The goal is to get enough responses to generate scores that have sufficient precision (reliability) to allow you to identify meaningful differences in the data. The document with guidance on how to field each survey (for example, Fielding the CAHPS Clinician & Group Survey [PDF, 554 KB; 30 pages]) suggests a target number of completed questionnaires for that survey, assuming reliability of 0.70 or above at the appropriate unit of analysis. For the Health Plan Survey, for example, the guidance suggests aiming for 300 completed questionnaires for each health plan product.
What is the basis for the target number of completed surveys?
The target number of completed surveys recommended in the survey administration guidance is based on the number of completed surveys needed for the majority of survey users to achieve reliability of 0.70 across all measures in the core survey. The CAHPS research team determines these targets by examining data from field tests; over time, the targets may be re-evaluated and refined based on implementation data.
Reliability is a way of determining how well the survey results can differentiate between the units of comparison, such as health plans or practice sites. A 0.70 level of reliability balances the need for a sufficient level of reliability for “high stakes” uses of the survey results, such as payment incentives, with the desire to minimize the number of completed surveys required. More completed surveys generally mean higher levels of reliability.
The actual reliability of your results will vary, depending on the number of units being compared as well as the variation in results among those units. As users gain experience with the survey, they can calculate the reliability of their own data and adjust the target number of completed surveys.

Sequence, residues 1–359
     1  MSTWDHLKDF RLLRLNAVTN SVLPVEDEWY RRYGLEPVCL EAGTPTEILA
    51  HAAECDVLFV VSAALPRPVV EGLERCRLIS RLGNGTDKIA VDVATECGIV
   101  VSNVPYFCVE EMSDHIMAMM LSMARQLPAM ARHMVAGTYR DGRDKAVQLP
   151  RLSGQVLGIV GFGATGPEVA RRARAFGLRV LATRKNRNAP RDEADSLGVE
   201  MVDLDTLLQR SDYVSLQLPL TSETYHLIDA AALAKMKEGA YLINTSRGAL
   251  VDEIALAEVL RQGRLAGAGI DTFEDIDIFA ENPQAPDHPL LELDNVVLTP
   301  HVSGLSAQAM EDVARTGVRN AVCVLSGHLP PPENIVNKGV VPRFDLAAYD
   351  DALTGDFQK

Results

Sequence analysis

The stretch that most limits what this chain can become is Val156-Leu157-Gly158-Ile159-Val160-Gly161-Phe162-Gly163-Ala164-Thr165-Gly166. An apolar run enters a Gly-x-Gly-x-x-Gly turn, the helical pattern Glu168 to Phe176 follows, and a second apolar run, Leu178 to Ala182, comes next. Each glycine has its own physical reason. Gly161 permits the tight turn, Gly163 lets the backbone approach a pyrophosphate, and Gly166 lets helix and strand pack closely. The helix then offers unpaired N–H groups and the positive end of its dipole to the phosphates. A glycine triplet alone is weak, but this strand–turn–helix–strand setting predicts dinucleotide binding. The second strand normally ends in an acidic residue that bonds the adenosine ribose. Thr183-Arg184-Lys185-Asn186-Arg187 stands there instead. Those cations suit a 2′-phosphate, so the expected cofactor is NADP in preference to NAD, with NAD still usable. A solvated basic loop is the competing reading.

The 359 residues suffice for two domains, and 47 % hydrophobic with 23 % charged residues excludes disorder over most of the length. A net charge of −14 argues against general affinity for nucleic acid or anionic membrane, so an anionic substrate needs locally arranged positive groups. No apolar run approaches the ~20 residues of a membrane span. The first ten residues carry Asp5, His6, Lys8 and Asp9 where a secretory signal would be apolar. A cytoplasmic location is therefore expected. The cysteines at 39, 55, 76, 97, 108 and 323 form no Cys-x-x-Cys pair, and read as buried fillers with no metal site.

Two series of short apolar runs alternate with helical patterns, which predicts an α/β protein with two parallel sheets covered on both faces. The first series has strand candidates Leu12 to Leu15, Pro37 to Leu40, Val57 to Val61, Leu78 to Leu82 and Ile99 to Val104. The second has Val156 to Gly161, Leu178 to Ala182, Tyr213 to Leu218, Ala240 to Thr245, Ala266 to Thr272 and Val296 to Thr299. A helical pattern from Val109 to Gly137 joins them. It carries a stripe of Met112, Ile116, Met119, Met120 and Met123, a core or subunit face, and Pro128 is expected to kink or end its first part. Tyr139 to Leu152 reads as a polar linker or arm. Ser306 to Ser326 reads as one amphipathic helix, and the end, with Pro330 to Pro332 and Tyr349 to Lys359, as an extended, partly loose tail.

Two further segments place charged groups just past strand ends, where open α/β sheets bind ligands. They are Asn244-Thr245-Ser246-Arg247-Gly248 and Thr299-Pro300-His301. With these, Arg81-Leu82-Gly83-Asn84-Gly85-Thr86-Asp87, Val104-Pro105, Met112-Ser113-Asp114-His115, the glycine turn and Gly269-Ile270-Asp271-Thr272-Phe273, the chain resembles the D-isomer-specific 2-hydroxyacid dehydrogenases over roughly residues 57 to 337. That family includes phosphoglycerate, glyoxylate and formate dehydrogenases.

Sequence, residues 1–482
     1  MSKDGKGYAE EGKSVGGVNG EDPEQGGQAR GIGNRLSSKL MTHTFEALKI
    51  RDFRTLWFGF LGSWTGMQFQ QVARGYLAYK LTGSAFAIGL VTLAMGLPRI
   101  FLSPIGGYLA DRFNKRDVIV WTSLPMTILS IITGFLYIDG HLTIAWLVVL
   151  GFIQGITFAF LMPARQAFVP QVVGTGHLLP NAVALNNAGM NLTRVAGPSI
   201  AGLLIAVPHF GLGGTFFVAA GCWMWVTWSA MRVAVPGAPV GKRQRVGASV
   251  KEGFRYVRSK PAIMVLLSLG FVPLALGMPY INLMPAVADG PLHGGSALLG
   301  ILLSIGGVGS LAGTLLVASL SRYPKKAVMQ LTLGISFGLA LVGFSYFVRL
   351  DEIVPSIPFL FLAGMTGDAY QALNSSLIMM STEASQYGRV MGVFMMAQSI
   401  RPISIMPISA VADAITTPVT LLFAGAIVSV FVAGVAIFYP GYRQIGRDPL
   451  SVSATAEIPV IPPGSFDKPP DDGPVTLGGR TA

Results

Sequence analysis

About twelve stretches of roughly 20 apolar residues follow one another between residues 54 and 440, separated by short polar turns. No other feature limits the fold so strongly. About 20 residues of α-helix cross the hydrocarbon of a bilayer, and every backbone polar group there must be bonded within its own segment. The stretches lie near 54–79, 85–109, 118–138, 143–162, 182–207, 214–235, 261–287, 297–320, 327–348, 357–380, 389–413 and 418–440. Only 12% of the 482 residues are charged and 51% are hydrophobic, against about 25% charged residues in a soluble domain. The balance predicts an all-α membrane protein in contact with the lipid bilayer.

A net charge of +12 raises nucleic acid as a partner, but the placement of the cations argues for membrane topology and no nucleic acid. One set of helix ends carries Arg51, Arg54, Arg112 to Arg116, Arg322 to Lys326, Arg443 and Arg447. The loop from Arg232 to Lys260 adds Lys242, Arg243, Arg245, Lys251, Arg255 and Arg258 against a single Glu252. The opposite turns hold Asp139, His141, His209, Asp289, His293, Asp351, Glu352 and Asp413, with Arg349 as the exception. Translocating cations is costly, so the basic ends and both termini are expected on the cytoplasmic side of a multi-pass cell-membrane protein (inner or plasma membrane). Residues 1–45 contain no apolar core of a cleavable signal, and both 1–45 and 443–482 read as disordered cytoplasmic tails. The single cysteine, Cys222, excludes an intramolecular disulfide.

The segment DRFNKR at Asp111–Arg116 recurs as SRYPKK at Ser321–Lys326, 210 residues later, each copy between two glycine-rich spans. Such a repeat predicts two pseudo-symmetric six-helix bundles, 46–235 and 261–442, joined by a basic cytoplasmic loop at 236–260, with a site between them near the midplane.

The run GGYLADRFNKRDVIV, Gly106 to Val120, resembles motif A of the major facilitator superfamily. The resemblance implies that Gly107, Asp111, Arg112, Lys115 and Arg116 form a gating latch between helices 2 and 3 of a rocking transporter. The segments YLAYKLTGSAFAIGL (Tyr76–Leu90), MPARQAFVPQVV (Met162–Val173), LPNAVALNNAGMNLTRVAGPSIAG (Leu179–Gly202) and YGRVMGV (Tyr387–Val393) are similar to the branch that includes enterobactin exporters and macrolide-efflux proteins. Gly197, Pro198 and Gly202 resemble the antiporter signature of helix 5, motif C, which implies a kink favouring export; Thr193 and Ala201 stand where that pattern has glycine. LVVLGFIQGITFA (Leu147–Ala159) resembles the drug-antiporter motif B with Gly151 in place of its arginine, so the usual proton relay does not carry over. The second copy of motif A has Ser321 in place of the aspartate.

How do I determine how many surveys to distribute to achieve the target number of completed surveys?
Your starting sample size is a function of the target number of completed surveys and the anticipated response rate. For example, the target number of completed surveys for the CAHPS Health Plan Survey is 300 per plan. Based on previous surveying experience, you may estimate that your response rate is 40 percent. Your starting sample would then be 750 (or 300/0.40).
You may also want to make adjustments for poor contact information or other types of data errors that may result in non-response.
Is it possible to achieve the target response rate with the recommended survey administration mode?
The CAHPS team's studies indicate that a mixed-mode protocol involving a mail or web questionnaire combined with telephone follow-up achieves sufficiently high response rates. A phone-only or phone-followed-by-mail protocol may also achieve the target response rate. It is difficult, however, to achieve the target response rates with a mail questionnaire only. Learn more in CAHPS Survey Administration: What We Know and Potential Research Questions (PDF, 738 KB; 15 pages).
How are scores for composite measures calculated?
The standard practice when analyzing and reporting CAHPS results is to aggregate responses across all respondents in a given entity (e.g., health plan) and then combine related items into composite measures. Thus, these measures are summaries of the responses to the questions in that composite.
The CAHPS Analysis Program (also known as the CAHPS macro) calculates composite scores for the unit of comparison (e.g., health plan, physician practice) by summing the responses of the items in that composite measure. The macro basically calculates a mean of each item for all those who responded to that item and then calculates the mean of the individual item means.
How and why do you combine the response categories for the "never/sometimes/usually/always" composite measures?
The CAHPS research team recommends combining the never and sometimes response options, resulting in three categories: (1) never or sometimes, (2) usually, and (3) always.
Analyses of CAHPS survey data have shown that respondents rarely pick the "never" response option. For example, typically less than five percent of respondents pick "never" in response to the question, "How often did doctors or other health care providers listen carefully to you?" In addition, combining "never" and "sometimes" simplifies the presentation of survey results while sacrificing little information.